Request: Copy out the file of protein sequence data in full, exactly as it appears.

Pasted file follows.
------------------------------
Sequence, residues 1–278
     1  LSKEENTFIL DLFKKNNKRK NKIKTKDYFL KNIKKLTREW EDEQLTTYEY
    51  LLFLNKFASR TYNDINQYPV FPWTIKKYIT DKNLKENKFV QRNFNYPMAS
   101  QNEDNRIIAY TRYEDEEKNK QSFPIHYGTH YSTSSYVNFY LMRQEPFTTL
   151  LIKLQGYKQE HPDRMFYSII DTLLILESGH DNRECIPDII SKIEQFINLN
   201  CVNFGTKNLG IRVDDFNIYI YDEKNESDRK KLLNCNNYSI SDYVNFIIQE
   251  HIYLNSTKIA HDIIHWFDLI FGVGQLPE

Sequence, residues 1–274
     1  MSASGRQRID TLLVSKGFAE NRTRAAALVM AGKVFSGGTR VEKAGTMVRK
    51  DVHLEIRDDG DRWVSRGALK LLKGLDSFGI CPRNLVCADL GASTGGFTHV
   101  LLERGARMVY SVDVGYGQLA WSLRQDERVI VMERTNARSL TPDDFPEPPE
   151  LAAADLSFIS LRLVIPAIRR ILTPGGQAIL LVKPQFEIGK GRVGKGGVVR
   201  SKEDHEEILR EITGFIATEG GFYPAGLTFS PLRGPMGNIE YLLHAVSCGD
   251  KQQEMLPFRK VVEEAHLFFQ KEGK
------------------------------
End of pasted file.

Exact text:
Sequence, residues 1–278
     1  LSKEENTFIL DLFKKNNKRK NKIKTKDYFL KNIKKLTREW EDEQLTTYEY
    51  LLFLNKFASR TYNDINQYPV FPWTIKKYIT DKNLKENKFV QRNFNYPMAS
   101  QNEDNRIIAY TRYEDEEKNK QSFPIHYGTH YSTSSYVNFY LMRQEPFTTL
   151  LIKLQGYKQE HPDRMFYSII DTLLILESGH DNRECIPDII SKIEQFINLN
   201  CVNFGTKNLG IRVDDFNIYI YDEKNESDRK KLLNCNNYSI SDYVNFIIQE
   251  HIYLNSTKIA HDIIHWFDLI FGVGQLPE

Sequence, residues 1–274
     1  MSASGRQRID TLLVSKGFAE NRTRAAALVM AGKVFSGGTR VEKAGTMVRK
    51  DVHLEIRDDG DRWVSRGALK LLKGLDSFGI CPRNLVCADL GASTGGFTHV
   101  LLERGARMVY SVDVGYGQLA WSLRQDERVI VMERTNARSL TPDDFPEPPE
   151  LAAADLSFIS LRLVIPAIRR ILTPGGQAIL LVKPQFEIGK GRVGKGGVVR
   201  SKEDHEEILR EITGFIATEG GFYPAGLTFS PLRGPMGNIE YLLHAVSCGD
   251  KQQEMLPFRK VVEEAHLFFQ KEGK